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Opinion

America's big mistake on indefinite detention of terror suspects

The approval of indefinite detention of terror suspects by Congress and Obama maintains the premise that because of exigent circumstances, civil rights and civil liberties must be curbed. This is much like the argument used for decades from Cairo to Damascus.

By Alia Malek / December 28, 2011

President Barack Obama addresses an audience at the Cairo University in Egypt June 4, 2009. Since his speech to the Muslim world in Cairo, the president's actions on issues such as indefinite detention of terror suspects do not match his rhetoric.

AP Photo/Ben Curtis/File

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From Tunis to Athens to Moscow to Wall Street, 2011 has been about dispatching with old ways and rulers, or at the very least, putting them on notice that business as usual is no longer acceptable.

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Yet as the year hurtles toward its end, the passage of the National Defense Authorization Act (NDAA) has President Obama and Congress standing in stark contrast to that global momentum by ossifying the mistaken ways of what should be a former era.

The NDAA codifies into law the radical expansion of executive power that has defined US policy since the terrorist attacks of 9/11 – and that has been a hallmark of the so-called War on Terror. Notably, it includes provisions that require the military – not law enforcement – to indefinitely jail accused terrorists. Accused, not convicted. 

Obama did threaten to veto the bill, but not because of any objection to the substance of the law. Actually, the White House balked at congressional attempts to limit such provisions to nonAmericans only.

Indeed, the president, who is a former constitutional law professor, wanted the chief executive to retain the discretion to apply such provisions – that is, indefinite military detention – to American citizens, who otherwise are entitled under the Constitution to a speedy and public trial and several due process protections. Congress capitulated.

And so, unfortunately, the NDAA stays the course of the War on Terror as it relates to restricted civil liberties. It maintains the underlying premise that because of exigent circumstances, the power of the executive must be enlarged and civil rights and civil liberties must be curbed.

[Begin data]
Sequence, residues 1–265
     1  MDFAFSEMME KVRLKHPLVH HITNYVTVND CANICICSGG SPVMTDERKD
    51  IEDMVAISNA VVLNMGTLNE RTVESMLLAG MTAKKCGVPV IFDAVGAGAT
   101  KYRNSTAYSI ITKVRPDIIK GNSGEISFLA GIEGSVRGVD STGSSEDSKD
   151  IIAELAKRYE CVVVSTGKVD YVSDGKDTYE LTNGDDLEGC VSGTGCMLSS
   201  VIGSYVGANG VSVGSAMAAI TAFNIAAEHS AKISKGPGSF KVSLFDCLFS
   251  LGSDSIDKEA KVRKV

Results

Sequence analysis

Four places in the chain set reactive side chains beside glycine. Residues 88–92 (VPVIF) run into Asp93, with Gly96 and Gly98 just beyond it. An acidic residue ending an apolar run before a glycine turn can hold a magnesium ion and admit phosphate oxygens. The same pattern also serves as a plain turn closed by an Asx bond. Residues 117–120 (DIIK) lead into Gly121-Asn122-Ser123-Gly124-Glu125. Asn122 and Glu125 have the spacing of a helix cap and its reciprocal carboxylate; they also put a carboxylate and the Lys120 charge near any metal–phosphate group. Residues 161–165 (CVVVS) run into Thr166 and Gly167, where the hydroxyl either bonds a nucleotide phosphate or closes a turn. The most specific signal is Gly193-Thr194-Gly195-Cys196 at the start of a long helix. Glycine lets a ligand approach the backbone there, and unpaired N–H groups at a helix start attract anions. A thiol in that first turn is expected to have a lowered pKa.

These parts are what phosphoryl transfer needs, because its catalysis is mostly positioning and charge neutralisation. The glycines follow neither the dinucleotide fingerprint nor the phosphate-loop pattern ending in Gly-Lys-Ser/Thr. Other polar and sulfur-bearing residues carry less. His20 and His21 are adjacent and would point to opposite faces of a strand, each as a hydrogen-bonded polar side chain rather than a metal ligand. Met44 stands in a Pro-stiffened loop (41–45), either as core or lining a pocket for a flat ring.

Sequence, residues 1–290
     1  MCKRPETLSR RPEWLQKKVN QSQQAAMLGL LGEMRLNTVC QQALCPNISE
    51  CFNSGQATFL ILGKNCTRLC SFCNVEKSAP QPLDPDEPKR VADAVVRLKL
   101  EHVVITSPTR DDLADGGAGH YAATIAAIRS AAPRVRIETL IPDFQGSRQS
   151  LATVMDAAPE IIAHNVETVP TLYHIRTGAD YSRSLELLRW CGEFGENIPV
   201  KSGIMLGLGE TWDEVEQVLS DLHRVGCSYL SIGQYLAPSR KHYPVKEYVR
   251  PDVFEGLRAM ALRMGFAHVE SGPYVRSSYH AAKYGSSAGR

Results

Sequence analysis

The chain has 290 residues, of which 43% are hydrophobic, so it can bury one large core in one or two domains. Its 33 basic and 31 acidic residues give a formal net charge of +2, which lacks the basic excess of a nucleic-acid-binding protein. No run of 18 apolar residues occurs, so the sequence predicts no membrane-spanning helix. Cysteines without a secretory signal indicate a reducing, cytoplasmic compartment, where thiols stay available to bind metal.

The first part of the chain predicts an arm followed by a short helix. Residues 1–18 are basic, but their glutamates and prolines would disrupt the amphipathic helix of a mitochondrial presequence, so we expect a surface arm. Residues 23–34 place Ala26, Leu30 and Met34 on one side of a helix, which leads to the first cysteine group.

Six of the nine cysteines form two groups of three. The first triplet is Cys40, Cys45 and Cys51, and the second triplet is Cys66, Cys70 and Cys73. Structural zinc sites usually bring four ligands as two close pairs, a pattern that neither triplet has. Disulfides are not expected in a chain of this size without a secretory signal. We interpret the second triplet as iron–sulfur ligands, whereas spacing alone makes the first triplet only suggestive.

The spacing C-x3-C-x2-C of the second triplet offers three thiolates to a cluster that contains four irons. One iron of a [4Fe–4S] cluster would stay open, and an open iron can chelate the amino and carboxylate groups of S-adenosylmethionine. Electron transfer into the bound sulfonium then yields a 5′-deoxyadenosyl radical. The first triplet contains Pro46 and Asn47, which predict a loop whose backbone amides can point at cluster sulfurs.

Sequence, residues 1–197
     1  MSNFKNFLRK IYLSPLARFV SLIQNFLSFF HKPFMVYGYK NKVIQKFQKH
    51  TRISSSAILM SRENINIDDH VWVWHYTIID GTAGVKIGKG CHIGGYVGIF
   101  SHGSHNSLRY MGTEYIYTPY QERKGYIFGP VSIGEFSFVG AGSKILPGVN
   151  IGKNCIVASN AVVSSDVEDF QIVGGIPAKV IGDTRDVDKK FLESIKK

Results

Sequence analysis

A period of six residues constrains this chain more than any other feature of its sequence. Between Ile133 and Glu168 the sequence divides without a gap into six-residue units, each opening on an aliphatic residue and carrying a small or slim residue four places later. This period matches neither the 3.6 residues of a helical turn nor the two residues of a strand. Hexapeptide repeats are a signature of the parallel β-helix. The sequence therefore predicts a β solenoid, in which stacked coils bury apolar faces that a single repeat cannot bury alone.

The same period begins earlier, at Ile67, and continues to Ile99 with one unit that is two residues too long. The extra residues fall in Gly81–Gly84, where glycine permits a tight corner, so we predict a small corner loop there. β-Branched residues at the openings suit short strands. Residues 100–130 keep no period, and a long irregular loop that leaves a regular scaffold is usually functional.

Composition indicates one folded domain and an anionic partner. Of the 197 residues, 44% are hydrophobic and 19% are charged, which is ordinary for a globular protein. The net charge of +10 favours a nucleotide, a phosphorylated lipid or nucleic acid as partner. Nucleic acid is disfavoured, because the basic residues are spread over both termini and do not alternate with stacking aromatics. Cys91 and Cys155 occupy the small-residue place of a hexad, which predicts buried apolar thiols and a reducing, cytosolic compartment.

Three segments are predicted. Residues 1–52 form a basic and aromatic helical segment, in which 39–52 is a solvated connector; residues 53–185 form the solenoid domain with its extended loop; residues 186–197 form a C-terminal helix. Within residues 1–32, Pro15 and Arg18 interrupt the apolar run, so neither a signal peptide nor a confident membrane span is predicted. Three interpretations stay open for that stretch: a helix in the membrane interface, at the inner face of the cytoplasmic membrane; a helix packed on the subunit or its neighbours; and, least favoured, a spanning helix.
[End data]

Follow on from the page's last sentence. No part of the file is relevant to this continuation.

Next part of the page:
These are much like arguments that have been made for decades and continue to be made from Cairo to Damascus to justify emergency laws and military overrides of civilian rule. These weak arguments also continue to be rejected by the citizens of those countries and those who stand in solidarity with them as part of a growing worldwide movement.

Obama and Congress’s approval of the NDAA suggests they are blind to their perpetuation of a paradigm that, in light of the events of 2011, is not only outdated, but stands against where the tide of global history wants to go. And their lecturing of autocrats to get out of the way of that same tide suggests they are also deaf to the irony of their plea.

But why this dissonance?

In the processing of the last 10 years, Americans have failed to reach a complete understanding of what the underside of the War on Terror has meant.

They have barely acknowledged the domestic front of this borderless and increasingly perpetual campaign. While some thought has been give to the victims of US international interventions, little has been spared for the  many individuals and communities, right here within America’s borders, who have borne the brunt of both the Bush and Obama administrations’ disregard of constitutional principles.

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